John Beckwith, composer, music educator, and writer, was born in Victoria, British
Columbia, in 1927. He received his musical education in Toronto (1945-50) and Paris
(1950-52). He was associated with the Faculty of Music, University of Toronto, from
1952, serving as dean 1970-77 and as first director of its Institute for Canadian Music
from 1985 until his early retirement in 1990.
His more than 160 compositions include four operas, a dozen orchestral works, chamber and solo works, songs, and works for chorus. Since his university retirement, major premières have included Round and Round for orchestra (Winnipeg, 1992); the opera Taptoo!, libretto by James Reaney (Montreal, 1999, Toronto, 2003); Eureka for nine wind instruments (Toronto, 1996); Stacey, for voice and piano, on texts from Margaret Laurence (Toronto, 1997); four chamber works with harpsichord (Toronto and Montreal, 1996-8); Basic Music, for children's choir, youth choir, and orchestra (Guelph, 1998); Workout for percussion ensemble (Toronto, 2001); A New Pibroch for pipes, percussion, and strings (Toronto, 2003); Fractions for microtonal piano and string quartet (Toronto, 2006); Derailed for two choirs and percussion (Mississauga, 2008); and Wendake/Huronia for alto, narrator, chorus, early-instrument ensemble, and native drums (Midland, 2015). His three sets of transcriptions from J. S. Bach's Orgelbüchlein were introduced by Symphony Nova Scotia, Halifax, in 1993, 96, and 99 respectively, making up a complete orchestral version of the 45 chorales in this famous collection. His realization in 1991 of the early Canadian comic opera Lucas et Cécile by Joseph Quesnel was published (Quebec, 1992), performed in concert (Toronto, 1994), and staged in both Montreal (1999) and Toronto (2001).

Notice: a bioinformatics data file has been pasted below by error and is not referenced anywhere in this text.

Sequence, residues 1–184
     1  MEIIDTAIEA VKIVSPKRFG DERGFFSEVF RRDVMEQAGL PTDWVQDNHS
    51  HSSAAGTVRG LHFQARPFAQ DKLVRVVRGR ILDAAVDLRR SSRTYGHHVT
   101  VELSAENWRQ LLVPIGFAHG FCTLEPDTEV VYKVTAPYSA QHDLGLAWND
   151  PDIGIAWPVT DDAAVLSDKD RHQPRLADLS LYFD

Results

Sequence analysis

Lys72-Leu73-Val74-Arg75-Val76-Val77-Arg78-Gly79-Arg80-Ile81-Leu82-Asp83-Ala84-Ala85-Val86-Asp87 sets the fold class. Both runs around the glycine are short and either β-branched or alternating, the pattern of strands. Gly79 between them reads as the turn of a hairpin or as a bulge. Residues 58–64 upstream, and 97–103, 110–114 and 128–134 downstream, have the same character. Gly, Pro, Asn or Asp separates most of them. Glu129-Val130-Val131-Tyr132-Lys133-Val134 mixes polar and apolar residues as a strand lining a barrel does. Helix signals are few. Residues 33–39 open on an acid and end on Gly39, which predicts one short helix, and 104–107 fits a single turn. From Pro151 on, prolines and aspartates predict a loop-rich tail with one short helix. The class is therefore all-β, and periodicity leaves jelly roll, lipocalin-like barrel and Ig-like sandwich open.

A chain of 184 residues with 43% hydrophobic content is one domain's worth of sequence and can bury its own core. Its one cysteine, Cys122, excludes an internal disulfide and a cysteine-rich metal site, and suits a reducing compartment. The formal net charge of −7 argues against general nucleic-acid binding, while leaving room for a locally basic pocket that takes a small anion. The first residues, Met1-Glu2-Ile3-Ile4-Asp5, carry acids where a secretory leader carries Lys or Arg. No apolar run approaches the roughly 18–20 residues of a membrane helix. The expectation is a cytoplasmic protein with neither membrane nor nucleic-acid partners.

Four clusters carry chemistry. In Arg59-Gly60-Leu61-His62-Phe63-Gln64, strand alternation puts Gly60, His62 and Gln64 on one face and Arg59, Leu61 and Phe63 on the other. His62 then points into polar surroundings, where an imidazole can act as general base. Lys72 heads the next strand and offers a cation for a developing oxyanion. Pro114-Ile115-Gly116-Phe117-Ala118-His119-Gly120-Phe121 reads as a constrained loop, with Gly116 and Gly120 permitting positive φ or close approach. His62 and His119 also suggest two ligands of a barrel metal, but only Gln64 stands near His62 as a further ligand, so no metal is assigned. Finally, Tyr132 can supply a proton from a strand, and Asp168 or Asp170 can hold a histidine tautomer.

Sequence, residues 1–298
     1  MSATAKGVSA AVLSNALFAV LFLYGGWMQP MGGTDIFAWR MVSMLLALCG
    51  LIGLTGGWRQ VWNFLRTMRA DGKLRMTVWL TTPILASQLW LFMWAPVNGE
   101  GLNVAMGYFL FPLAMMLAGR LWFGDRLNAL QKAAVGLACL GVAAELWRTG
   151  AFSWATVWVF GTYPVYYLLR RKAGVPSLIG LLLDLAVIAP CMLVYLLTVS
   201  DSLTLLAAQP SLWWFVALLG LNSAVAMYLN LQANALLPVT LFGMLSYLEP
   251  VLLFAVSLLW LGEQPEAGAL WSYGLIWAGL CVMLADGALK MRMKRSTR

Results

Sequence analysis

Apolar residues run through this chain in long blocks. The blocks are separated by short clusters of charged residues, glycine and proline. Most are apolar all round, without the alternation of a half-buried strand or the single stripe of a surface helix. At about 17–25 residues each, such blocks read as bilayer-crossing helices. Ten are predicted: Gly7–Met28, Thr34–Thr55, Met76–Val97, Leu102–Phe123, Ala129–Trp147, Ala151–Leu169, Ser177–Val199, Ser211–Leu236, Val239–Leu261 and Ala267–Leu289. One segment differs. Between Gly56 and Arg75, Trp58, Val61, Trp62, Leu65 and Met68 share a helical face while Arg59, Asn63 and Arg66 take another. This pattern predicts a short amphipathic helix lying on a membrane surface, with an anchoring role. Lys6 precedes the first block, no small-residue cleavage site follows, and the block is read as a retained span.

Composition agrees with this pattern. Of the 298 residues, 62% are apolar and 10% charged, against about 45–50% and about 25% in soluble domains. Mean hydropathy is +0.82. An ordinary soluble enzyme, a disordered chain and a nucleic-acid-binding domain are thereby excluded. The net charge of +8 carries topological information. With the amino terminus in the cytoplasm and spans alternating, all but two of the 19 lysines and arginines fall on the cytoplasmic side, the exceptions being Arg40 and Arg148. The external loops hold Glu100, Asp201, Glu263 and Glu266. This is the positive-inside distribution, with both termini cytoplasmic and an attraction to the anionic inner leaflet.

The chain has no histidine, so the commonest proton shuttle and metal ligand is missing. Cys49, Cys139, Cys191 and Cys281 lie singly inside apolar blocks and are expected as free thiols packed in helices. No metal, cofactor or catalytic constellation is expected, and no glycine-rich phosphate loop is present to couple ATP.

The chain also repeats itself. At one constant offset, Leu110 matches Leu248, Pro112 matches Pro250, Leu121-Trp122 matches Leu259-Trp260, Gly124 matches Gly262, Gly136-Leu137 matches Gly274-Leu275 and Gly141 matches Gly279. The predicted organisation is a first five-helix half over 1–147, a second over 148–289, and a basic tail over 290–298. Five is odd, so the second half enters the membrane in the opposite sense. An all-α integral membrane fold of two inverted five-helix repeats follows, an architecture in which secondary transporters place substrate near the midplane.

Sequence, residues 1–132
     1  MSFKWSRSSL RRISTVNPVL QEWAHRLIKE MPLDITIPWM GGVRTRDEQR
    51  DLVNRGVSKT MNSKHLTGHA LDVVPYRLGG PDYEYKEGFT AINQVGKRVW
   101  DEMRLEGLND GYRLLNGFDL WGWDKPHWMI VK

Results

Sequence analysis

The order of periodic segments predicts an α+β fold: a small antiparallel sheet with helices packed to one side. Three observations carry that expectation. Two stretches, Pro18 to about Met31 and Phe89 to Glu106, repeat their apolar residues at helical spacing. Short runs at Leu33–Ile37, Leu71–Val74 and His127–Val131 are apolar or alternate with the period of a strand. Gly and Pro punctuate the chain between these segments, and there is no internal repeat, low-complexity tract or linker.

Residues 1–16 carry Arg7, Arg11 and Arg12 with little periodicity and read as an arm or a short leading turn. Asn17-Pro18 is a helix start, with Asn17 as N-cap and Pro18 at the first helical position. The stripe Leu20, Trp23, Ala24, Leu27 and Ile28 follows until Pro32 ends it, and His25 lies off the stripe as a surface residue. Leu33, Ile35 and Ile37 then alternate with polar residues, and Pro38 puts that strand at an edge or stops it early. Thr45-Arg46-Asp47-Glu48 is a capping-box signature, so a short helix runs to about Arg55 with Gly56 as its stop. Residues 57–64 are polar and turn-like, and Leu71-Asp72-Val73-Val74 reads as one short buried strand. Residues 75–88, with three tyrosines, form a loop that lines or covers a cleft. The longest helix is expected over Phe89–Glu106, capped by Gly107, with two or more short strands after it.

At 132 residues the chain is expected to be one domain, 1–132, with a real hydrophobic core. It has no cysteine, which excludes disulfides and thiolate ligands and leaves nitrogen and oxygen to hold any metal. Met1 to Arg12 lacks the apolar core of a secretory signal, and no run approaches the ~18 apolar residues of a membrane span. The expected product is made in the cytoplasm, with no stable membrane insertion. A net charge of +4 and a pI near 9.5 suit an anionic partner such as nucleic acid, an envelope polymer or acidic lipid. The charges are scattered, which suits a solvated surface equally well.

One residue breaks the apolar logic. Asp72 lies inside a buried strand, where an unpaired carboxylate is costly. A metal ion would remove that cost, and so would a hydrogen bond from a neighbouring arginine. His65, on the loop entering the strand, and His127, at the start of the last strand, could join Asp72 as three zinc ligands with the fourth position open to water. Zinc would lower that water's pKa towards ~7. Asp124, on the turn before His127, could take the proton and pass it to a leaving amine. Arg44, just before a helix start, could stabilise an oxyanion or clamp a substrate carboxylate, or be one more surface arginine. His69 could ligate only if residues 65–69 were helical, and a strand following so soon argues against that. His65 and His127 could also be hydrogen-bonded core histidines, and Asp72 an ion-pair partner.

Beckwith has edited or co-edited ten books, including volumes 5 and 18 of The Canadian Musical Heritage. He is the author of Music Papers: articles and talks by a Canadian composer, 1961-1994 (Ottawa, 1997), In search of Alberto Guerrero (Waterloo, 2006), and Unheard Of: Memoirs of a Canadian Composer (Waterloo, 2012). He is a former music columnist and reviewer for the Toronto Star and script writer and program planner for CBC Radio, and has contributed articles and reviews to musical journals in Canada, Britain, and the United States. He is a member of the Order of Canada, holds honorary degrees from five Canadian universities, and is an honorary member of the Canadian University Music Society and the Société québécoise de recherche en musique. He received the Canadian Music Council Composer of the Year award in 1984, the Toronto Arts Award for music in 1994, the diplôme d'honneur of the Canadian Conference of the Arts in 1996, and the Friends of Canadian Music award in 2010. Marking his 80th birthday in 2007, the Institute for Canadian Music and the Canadian Music Centre co-sponsored a concert and a one-day symposium devoted to his career (see ICM Newsletter 5/3, Sept. 2007). In 2013 he received the Arts and Letters Award (Arts and Letters Club of Toronto), and in 2014 the SOCAN/CUMS Award of Excellence in the Advancement of Research in Canadian Music. His 90th birthday in 2017 will be celebrated by several invited talks and live performances including premieres of two new works.
[revised, Jan 2017]